The world has come to an end!
The Boston Celtics have just defeated the Cleveland Cavaliers in the biggest game in the history of professional basketball! Well, maybe not. Maybe it’s only the most important (or perhaps painful) game in Cleveland’s franchise history. But it will nonetheless hold far-reaching implications for players and franchises across the league.
The consensus has always been that it was highly unlikely that James would leave Cleveland this summer. But I, like most many others, have always felt that if the Cavaliers don’t win the NBA championship, LeBron was as good as gone. So naturally one can understand the magnitude of the moment.
The next 55 days will now be filled with the kind of rampant over-speculation fit only for a king.
In Cleveland, there is nothing but dread. Losing James will be nothing short of catastrophic for a team that no longer has the flexibility with which to rebuild and for a city whose sports curse is perhaps the heaviest of active burdens in the country.
Elsewhere, as many as a third of the league’s owners and general managers are quietly pumping their fists while pacing across their living room floors. The impossible task of landing the NBA’s greatest ever free agent prize just got one step – one large step – easier. Hopes and prayers, as ridiculous as they may be in certain cases, are still alive.
The anticipation will be nearly unbearable.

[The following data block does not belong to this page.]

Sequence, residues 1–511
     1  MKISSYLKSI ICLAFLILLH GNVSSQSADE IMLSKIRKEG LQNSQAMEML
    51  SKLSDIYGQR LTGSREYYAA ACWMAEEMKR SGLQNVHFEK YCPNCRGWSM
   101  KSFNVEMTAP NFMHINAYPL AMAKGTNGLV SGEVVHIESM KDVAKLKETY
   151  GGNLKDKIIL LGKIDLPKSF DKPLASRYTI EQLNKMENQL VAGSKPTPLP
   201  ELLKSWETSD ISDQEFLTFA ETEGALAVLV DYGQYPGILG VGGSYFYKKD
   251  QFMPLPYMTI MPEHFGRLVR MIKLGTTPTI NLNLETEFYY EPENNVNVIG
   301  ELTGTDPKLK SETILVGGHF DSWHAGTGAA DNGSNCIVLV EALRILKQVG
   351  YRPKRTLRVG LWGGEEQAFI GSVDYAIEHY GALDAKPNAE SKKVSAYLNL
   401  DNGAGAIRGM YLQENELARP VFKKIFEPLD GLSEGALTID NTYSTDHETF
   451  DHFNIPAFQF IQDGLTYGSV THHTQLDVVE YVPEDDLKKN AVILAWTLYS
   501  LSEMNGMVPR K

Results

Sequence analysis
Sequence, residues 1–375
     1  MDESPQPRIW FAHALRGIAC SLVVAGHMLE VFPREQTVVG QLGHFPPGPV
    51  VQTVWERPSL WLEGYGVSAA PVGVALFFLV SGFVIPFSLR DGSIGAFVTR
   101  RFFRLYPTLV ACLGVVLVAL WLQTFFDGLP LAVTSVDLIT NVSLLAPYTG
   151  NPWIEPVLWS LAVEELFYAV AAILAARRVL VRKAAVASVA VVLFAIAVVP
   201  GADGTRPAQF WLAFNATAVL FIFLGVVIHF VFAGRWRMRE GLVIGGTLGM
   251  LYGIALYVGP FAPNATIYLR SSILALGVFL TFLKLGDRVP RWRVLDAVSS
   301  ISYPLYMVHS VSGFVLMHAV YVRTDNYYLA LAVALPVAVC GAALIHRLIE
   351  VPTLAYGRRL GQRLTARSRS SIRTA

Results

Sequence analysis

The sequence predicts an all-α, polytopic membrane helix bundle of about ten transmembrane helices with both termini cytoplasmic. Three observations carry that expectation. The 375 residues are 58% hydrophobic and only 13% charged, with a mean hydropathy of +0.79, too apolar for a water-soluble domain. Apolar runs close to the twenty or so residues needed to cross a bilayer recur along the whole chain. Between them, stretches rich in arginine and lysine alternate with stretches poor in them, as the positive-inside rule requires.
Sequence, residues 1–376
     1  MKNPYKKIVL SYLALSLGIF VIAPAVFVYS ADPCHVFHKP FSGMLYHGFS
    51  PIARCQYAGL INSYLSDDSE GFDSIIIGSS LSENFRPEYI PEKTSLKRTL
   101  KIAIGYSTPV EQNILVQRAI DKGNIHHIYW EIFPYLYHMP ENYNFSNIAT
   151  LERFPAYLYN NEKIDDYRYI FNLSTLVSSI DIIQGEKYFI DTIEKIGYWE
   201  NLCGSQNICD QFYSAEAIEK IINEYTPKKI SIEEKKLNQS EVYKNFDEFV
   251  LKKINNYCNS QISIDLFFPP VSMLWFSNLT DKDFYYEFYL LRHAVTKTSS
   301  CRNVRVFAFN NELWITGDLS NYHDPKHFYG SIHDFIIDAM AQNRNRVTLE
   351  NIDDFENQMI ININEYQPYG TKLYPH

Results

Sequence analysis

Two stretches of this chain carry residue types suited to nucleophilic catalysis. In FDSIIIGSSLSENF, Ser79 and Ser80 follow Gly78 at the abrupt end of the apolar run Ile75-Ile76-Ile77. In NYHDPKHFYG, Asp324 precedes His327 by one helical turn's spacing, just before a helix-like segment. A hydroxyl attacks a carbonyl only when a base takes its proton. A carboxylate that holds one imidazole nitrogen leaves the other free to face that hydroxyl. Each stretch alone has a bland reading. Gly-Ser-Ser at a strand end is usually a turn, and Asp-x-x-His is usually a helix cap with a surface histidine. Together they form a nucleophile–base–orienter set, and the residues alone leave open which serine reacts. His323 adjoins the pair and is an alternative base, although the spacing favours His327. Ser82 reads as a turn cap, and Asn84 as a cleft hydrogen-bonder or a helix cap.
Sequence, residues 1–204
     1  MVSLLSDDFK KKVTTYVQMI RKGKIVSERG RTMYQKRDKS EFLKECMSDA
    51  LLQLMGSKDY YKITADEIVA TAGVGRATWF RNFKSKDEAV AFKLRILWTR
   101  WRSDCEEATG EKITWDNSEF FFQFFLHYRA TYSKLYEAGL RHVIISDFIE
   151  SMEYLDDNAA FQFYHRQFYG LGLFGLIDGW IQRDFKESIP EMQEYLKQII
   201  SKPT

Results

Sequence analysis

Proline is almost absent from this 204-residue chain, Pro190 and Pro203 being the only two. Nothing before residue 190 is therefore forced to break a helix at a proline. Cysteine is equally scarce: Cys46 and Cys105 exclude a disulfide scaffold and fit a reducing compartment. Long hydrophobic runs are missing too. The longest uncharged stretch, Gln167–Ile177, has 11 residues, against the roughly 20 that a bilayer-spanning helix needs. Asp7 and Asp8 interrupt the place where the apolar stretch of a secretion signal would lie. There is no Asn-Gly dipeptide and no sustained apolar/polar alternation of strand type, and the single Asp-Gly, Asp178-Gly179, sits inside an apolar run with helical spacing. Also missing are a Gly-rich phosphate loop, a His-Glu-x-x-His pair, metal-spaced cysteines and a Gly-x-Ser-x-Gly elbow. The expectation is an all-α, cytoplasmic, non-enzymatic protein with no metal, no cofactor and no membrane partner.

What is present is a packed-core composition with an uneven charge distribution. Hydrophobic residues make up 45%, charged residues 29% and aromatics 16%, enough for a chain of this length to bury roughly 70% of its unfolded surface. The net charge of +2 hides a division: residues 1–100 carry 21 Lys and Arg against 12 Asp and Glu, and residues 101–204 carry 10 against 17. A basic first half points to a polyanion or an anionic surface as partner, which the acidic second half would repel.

At the same time, LeBron’s performance will be carefully and painfully scrutinized. His seven-year career, one in which he has established himself as the game’s best, will continue to be called into question. The media will continue to suggest his legacy has been permanently tarnished. Conspiracy theorists will continue to suggest he threw one or more of the series’ games in order to make his impending exit that much more justified. It’s kind of a rough deal that a man who’s done so much for the game of basketball can’t hit a rough spot without suffering such ridiculous character assaults and total invalidation of sustained and unparalleled greatness.
In a season that started with such promise, there was certainly nothing magical about the Cavs’ seemingly uninspired exit. It wasn’t holding the Larry O’Brien championship trophy, as so many felt was the only acceptable end. It wasn’t fighting the Lakers in the NBA Finals for the rights to it. Rather, it was all the way back in the second round, against a team widely considered too old to compete – a team the Cavs were supposed to squash into irrelevancy. And the responsibility, whether justified or not, will be placed squarely on the shoulders of LeBron James.
And so it begins.